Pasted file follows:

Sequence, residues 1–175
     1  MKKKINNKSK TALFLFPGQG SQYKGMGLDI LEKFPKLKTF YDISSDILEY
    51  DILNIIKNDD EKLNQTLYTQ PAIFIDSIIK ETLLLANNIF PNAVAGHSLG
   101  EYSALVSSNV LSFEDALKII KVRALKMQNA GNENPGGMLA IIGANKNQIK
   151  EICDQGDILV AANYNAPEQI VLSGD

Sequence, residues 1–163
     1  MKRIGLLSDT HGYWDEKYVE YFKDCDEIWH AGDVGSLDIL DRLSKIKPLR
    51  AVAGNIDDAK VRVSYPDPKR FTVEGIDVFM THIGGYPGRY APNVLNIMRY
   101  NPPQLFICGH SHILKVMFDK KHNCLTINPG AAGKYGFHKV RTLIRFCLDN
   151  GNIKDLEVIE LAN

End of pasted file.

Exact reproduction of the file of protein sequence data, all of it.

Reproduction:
Sequence, residues 1–175
     1  MKKKINNKSK TALFLFPGQG SQYKGMGLDI LEKFPKLKTF YDISSDILEY
    51  DILNIIKNDD EKLNQTLYTQ PAIFIDSIIK ETLLLANNIF PNAVAGHSLG
   101  EYSALVSSNV LSFEDALKII KVRALKMQNA GNENPGGMLA IIGANKNQIK
   151  EICDQGDILV AANYNAPEQI VLSGD

Sequence, residues 1–163
     1  MKRIGLLSDT HGYWDEKYVE YFKDCDEIWH AGDVGSLDIL DRLSKIKPLR
    51  AVAGNIDDAK VRVSYPDPKR FTVEGIDVFM THIGGYPGRY APNVLNIMRY
   101  NPPQLFICGH SHILKVMFDK KHNCLTINPG AAGKYGFHKV RTLIRFCLDN
   151  GNIKDLEVIE LAN